TAIPEI: Taiwan’s economy is facing a lot of challenges from stagnant cross-strait relations and uncertainty about US President Donald Trump's trade policies, but its restaurant industry is thriving despite the uncertain political climate.
The number of restaurants in Taiwan is growing at an average of 3 to 6 per cent a year to more than 120,000. Last year, the total revenue of the industry exceeded US$14 billion, breaking a new record for the 15th year.
That is because an increasing number of Taiwanese prefer to dine at restaurants for the variety of cuisines on offer and for convenience, with surveys showing more than 70 per cent of the island's population choose to eat out. They spend more than 10 per cent of their income on dining out, according to official statistics.
“Based on our report on family income and spending, the amount of money they spend on eating out and hotel accommodation increased 15 per cent last year from 2011. Basically, when people's living conditions improve, they are more willing to spend on dining out,” said Wang Shu-chuan, deputy director of the statistics department at the Ministry of Economic Affairs.
Italian restaurant Il Mercato, one of Taiwan's newest eateries. (Photo: Victoria Jen)
Italian restaurant Il Mercato in Taipei is the latest addition to the island’s restaurant boom. Owner Michael de Prenda said he has invested US$4 million to US$5 million to bring authentic Italian food to the island where he has lived for 20 years.
“Taiwan is a market I feel is very friendly to business - everything is very efficient and fast. It’s bigger than Singapore and Hong Kong in terms of the amount of people. The reason why they aren’t putting money into this market is that they don’t know it well,” he said.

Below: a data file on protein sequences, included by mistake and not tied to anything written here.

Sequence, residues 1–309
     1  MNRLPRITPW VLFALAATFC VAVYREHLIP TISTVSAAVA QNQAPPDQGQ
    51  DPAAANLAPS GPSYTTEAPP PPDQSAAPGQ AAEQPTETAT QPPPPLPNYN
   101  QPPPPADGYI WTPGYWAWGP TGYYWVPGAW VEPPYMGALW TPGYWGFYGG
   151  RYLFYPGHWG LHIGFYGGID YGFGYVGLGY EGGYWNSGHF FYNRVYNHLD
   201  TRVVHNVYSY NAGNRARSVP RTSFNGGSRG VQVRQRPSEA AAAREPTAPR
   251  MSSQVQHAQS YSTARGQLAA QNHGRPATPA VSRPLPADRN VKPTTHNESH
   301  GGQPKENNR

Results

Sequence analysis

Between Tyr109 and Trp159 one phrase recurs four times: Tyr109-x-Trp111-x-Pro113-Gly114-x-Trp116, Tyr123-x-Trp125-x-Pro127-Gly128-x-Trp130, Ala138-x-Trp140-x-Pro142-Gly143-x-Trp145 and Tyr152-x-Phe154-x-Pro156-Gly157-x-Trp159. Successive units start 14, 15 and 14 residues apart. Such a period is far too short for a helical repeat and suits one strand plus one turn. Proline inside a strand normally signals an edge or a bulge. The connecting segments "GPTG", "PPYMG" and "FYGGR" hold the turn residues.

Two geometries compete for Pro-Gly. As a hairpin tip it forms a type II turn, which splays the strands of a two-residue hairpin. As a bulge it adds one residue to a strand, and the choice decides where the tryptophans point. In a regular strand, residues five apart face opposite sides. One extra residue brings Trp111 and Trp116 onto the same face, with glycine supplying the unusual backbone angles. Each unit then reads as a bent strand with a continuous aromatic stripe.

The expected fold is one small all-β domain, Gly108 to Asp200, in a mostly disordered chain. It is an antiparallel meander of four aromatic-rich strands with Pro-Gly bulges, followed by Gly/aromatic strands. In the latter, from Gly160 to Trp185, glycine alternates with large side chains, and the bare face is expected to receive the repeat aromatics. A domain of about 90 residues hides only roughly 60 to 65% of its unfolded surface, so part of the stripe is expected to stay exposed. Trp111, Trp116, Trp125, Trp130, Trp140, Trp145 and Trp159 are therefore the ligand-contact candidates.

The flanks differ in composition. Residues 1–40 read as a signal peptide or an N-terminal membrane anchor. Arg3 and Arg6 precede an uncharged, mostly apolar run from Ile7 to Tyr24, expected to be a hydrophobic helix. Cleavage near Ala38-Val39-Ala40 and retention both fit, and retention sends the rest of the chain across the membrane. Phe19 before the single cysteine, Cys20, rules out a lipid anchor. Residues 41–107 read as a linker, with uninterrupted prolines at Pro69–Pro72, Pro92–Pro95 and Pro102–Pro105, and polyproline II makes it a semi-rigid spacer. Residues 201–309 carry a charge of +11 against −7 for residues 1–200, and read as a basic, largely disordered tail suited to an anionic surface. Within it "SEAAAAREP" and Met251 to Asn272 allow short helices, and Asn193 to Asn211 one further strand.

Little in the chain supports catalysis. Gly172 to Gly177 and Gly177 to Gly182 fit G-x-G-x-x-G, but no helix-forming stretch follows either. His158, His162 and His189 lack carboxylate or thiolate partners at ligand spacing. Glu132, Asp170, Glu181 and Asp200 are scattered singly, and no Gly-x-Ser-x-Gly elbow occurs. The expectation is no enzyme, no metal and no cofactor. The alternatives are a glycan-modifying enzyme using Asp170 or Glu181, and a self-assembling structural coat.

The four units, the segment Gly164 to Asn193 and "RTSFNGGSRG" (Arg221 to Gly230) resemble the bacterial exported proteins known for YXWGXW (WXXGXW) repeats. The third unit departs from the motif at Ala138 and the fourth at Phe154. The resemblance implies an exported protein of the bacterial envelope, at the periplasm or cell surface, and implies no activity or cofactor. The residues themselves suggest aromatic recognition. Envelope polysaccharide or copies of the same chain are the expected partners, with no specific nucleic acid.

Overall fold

He has hired Enrico Derflinger as the restaurant head chef, who has worked for both the British royal family and the US president. He is also a popular chef for celebrities like Hollywood star George Clooney and Italian singer Andrea Bocelli. His signature dish is a prawn risotto that has won him praise from the British Queen.
“The Queen was very happy," said Derflinger. "She called me to the dining hall and asked me what I wanted for a present. I asked for the pot that I used to cook the risotto."
De Prenda said he has picked Taiwan to start his restaurant business because he thinks Taiwan’s low operating costs make it an attractive market. He has managed to keep the prices at least 30 per cent lower than its rival restaurants.
“It’s one of the reasons why we can sell at such affordable prices - we buy directly from all the farms here and we grow things locally. When the economy is bad, you might not buy an expensive car, you might not buy a new house, but you can treat yourself better and eat out and the prices are reasonable,” he said.
He plans to open 32 more restaurants across the island over the next five to eight years and is confident that the Taiwanese's passion for food is likely to steer the restaurant industry clear of any downturn.